It’s called the Race to the Sun and 7 years ago under a perfect spring sky the 72nd Paris-Nice cycle race came through Roquefort town. Wind and rain may buffet the riders at the beginning of the course in the north of France but no one can remember a time when it wasn’t sunny in Nice at the end. And on that, the penultimate, day of the race in 2014 the weather couldn’t have been more perfect to stroll down the street and support the riders as they sped past. Will it be as lovely tomorrow when the race once again comes through Roquefort les Pins in its 79th edition? I’ll be there, at the end of my street to find out.
This will be the sixth time in the 14 years we’ve lived here that a major cycle race has come through (or very close to) our home town, having had the Tour de France in 2009, 2013 and 2020, the Paris-Nice in 2014 and the Tour des Alpes-Maritimes et du Var earlier this year. While the Paris-Nice cycle race is a much smaller affair than the Tour de France, it’s still an important event and considered the true start of the cycling season allowing participants their first significant opportunity to test their fitness. The week-long course is like a mini Tour de France taking in high mountain passes and other challenging terrain and rewarding the winners of each stage with the yellow jersey, red spotty jersey for the best mountain climb etc.
The yellow jersey wearer on the day we watched in 2014, Carlos Betancur from Colombia, was easily spotted surrounded by his teammates leading the peloton. We waved our British flag and got a honk from the Sky Team backup car. Somewhere in there was British rider Geraint Thomas who was coming second overall and who I spotted in the Tour des Alpes-Maritimes et du Var in February this year.
I’m not sporty and I’m not a cyclist either but there’s something very compelling about watching these cycle stage races. They are such an amazing test of endurance. Living in the south of France we see cycling clubs out on the roads around us all year but by late spring, early summer it’s crazy how many people don their lycra and pedal up the mountain passes. So when a race passes through the town, two minutes’ walk from home, it’s obvious we’re going to be there to watch.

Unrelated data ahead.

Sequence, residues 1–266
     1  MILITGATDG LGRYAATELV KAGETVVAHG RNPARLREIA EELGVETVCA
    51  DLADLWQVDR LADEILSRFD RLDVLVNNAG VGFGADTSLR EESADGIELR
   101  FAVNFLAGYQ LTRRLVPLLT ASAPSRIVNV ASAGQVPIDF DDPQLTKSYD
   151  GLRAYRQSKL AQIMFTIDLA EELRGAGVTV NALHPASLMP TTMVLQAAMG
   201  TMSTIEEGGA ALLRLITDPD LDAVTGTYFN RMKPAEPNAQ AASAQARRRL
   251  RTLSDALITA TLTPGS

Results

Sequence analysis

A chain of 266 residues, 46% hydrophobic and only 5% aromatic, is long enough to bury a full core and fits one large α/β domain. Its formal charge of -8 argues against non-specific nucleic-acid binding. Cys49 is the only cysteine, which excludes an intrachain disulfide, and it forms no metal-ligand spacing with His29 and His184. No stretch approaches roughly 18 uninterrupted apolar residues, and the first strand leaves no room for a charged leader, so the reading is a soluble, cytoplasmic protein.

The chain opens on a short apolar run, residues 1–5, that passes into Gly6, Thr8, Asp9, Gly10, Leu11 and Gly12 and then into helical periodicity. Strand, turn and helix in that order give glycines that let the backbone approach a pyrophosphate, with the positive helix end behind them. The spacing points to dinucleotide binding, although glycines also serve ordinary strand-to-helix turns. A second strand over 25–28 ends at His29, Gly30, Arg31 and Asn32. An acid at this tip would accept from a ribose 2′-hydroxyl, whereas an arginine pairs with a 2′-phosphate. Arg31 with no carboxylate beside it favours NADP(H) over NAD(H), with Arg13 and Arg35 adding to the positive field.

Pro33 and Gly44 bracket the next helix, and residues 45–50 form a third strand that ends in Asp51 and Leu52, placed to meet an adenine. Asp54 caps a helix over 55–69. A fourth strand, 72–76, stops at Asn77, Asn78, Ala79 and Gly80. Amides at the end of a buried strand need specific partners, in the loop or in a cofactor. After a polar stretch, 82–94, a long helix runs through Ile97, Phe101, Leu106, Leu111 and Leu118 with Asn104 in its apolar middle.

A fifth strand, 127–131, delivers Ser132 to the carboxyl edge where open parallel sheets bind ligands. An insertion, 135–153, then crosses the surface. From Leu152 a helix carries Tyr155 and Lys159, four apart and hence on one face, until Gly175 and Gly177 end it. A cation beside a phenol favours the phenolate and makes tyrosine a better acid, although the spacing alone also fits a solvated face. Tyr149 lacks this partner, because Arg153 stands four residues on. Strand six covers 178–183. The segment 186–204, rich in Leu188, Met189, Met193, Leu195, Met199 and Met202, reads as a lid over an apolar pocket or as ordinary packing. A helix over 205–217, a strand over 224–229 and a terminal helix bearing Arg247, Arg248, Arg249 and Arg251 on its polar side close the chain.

The Paris-Nice doesn’t have the great publicity “caravan” preceding it though the number of vehicles (support cars, spare bike cars, press, team vans, ambulances, police, gendarmes and so on) that tag along behind the race take far longer to pass than the riders themselves. It makes you reflect on the carbon footprint of this so-called “ecological” sport!
Do you enjoy sporting events? Have you seen any cycle races? I love hearing from you so feel free to leave a comment. I always reply.
Visiting the National Museum of Sport in Nice
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This post was originally published in 2014 and updated for 2021
I am in total awe of race cyclists and the distance they cover and I could never have done a quarter what they do even when I was younger! It does make for exciting viewing though.
Me too, awe-inspiring awesomeness!
The Grand Depart for the TdF is in Yorkshire this summer…. 5/6th July. It comes within 800m of my home near Halifax. Guess where I will be that weekend…… driving back from Lou Messugo… Heyho…. It will probably rain in Halifax anyway.
Oh no Adrian, I hope you’re not a big fan. I feel so bad for you, what crazy timing! But I’m very glad you’re coming here and delighted to see that you’re reading my blog. Thanks for commenting.
I love watching the cycling! We travelled to Tours last year as that was the closest the TdF came to us. We hope to see it in London this summer too and we always try to see at least two stages of our local Tour du Poitou Charentes. I’m very jealous of your day out today.
I know how you love your cycling Jacqui 🙂 We were lucky to have the race pass so close; very easy one hour out of the day, no effort involved. I’m not sure how far I’d actually be prepared to go to see it though.